Idyllic walks figure prominently in The Jane Austen Diet

Illustration for article titled Idyllic walks figure prominently in The Jane Austen Diet
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When one considers the key takeaways from the works of Jane Austen, one probably comes up with a list that looks something like this: Don’t be an asshole, don’t be insanely greedy, be super practical about money but not if it means marrying an asshole, falling in love with your cousin is cool sometimes, don’t write letters to dudes you’re not going to marry, don’t catch a cold or you might definitely die, funny is good, stupid is bad, walks are nice. Also don’t jump off ledges, elope with miscreants, gamble, assume your paramour’s father murdered his wife, try to fix your annoying friend up with the local pastor, or play the piano badly.


Now, imagine you focused on the “walks are nice” bit, and went from there. That seems to be the premise of forthcoming book The Jane Austen Diet, and we are intrigued.

Cooking Light first pointed us in the direction of Bryan Kozlowski’s book, which arrives on March 19, and we’re... pretty into it? From the CL piece:

Kozlowski was working his way through all of Austen’s novels while attempting a “personal wellness project” to become healthier and happier as he entered his thirties. However, he kept finding the latest evidence-based research on health, diet, and exercise lined up with much of the wellness beliefs Austen shared in these writings over 200 years prior. …

“Living in a culture that embraced excess in all its unhealthy forms, Jane peppered her novels with counter-cultural solutions meant to inspire and gently poke us to better alternatives,” Kozlowski said.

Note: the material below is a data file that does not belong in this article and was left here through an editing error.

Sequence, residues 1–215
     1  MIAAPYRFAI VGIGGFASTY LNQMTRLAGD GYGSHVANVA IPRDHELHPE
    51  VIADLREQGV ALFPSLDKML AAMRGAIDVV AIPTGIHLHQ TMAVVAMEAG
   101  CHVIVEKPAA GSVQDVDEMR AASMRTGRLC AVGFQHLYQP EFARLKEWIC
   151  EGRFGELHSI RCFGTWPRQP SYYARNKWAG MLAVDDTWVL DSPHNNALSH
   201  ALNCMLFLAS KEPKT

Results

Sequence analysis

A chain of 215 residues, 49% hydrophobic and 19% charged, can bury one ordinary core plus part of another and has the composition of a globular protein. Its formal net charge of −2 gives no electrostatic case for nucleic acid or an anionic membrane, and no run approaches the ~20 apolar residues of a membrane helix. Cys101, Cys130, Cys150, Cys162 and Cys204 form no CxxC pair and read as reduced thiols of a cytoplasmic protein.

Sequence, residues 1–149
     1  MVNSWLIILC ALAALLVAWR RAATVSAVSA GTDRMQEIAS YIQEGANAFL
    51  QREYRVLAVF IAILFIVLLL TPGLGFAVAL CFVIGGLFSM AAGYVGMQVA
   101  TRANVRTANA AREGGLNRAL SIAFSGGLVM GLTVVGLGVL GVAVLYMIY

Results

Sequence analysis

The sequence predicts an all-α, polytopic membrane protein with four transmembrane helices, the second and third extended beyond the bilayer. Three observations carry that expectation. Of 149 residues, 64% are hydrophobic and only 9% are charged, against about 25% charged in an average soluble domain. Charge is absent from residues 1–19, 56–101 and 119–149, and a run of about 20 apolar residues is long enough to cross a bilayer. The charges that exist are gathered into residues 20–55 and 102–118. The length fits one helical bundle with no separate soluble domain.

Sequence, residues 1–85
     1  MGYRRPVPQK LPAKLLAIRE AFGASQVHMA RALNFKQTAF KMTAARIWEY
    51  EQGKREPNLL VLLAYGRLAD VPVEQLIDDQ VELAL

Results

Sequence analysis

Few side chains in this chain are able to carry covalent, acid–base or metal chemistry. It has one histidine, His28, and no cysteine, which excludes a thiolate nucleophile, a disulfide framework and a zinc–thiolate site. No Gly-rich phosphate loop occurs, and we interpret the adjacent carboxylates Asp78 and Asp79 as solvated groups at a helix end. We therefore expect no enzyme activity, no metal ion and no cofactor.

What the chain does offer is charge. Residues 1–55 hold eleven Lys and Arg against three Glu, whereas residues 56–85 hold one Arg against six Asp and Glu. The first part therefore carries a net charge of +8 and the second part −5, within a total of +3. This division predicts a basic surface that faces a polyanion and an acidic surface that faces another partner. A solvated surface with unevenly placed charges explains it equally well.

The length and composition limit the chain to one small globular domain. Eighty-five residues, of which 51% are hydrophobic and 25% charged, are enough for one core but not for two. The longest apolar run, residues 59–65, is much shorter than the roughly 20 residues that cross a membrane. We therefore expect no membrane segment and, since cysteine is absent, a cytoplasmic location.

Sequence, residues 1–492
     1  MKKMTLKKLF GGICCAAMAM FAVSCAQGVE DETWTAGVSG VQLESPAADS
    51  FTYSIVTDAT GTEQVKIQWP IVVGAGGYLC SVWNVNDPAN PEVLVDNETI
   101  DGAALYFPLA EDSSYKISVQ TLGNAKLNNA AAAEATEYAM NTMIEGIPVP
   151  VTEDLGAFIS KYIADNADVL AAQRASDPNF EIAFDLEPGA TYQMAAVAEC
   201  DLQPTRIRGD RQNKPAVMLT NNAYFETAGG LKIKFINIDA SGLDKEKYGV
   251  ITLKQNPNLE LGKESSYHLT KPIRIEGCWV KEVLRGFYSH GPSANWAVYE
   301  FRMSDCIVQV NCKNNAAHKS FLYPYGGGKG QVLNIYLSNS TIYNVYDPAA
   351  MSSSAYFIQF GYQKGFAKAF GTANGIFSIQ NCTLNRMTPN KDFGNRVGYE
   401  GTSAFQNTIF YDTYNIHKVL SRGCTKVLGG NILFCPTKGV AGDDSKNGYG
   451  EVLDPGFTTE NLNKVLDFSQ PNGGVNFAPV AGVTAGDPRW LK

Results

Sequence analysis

And yes, walks are a big part of that. Per CL, Kozlowski added a pre-breakfast walk to his morning ritual, and found that he “started to feel more energized throughout the day and slept better at night after adopting this principle.”

The Cooking Light piece doesn’t detail all the practices Kozlowski implemented (and that piece is worth reading in full), but it suggests that unlearning “some of the worst prides and prejudices I picked up from our modern dieting culture” plays a key role. And that makes some practical sense. If his pursuit was a healthier and more mindful lifestyle, not a strict calorie-counting regime, adhering to the principles of a novelist who valued self-knowledge and fresh air almost equally would seem like a good fit.

We’re sincerely hoping that the book includes a chapter on the value of jumping into a lake with most of your clothes on before heading back into Pemberley. That’s not a Jane Austen principle, that’s a Pride And Prejudice miniseries principle, but we think it’s worth exploring.

Contributor, The A.V. Club and The Takeout. Allison loves TV, bourbon, and overanalyzing social interactions. Please buy her book, How TV Can Make You Smarter (Chronicle, 2020). It’s short!



The thing about England is, their countryside (where a predominant part of Austen’s books take place) are riddled with walking paths/trails. Same goes for Beatrix Potter. Her love of walks meandering her parents’ estate fostered her love of that land (and thank god at that, but that’s another story). Take Tolkien and his famous book, it’s one long walk with yer mates. I went on one once, and only after I’d booked the flight and was on my way did a friend mention that it was the very walk Tolkien went on many times that became the spine of The Lord of the Rings. I went on one that was called The Coast to Coast Trail. It went from one end of England to the other, sea to sea. I walked the length of England, but the weird thing was, having seen LotR (which was filmed in New Zealand) so many times, I felt like I’d already hiked it, in the order it appears in the book/movie. I was crossing “over hill and dale” which was a beautiful hobbit like setting, then the hellish-scapes of, well you get it. England. LOTS of trails of beautiful countrysides. LOTS.